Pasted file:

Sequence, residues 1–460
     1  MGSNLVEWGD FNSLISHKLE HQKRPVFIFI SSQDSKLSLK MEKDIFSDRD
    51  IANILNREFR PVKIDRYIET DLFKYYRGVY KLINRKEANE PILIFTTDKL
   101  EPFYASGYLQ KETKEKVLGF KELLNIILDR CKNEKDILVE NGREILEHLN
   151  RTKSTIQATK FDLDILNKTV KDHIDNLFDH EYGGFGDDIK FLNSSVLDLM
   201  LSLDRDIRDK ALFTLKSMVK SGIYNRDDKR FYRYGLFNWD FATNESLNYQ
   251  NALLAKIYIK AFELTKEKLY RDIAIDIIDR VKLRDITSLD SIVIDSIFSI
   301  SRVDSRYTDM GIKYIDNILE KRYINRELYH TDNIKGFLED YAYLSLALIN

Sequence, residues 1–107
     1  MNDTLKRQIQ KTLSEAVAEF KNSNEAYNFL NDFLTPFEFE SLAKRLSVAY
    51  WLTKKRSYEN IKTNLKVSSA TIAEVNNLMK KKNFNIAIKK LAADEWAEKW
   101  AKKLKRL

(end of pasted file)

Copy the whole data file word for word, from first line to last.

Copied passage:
Sequence, residues 1–460
     1  MGSNLVEWGD FNSLISHKLE HQKRPVFIFI SSQDSKLSLK MEKDIFSDRD
    51  IANILNREFR PVKIDRYIET DLFKYYRGVY KLINRKEANE PILIFTTDKL
   101  EPFYASGYLQ KETKEKVLGF KELLNIILDR CKNEKDILVE NGREILEHLN
   151  RTKSTIQATK FDLDILNKTV KDHIDNLFDH EYGGFGDDIK FLNSSVLDLM
   201  LSLDRDIRDK ALFTLKSMVK SGIYNRDDKR FYRYGLFNWD FATNESLNYQ
   251  NALLAKIYIK AFELTKEKLY RDIAIDIIDR VKLRDITSLD SIVIDSIFSI
   301  SRVDSRYTDM GIKYIDNILE KRYINRELYH TDNIKGFLED YAYLSLALIN

Sequence, residues 1–107
     1  MNDTLKRQIQ KTLSEAVAEF KNSNEAYNFL NDFLTPFEFE SLAKRLSVAY
    51  WLTKKRSYEN IKTNLKVSSA TIAEVNNLMK KKNFNIAIKK LAADEWAEKW
   101  AKKLKRL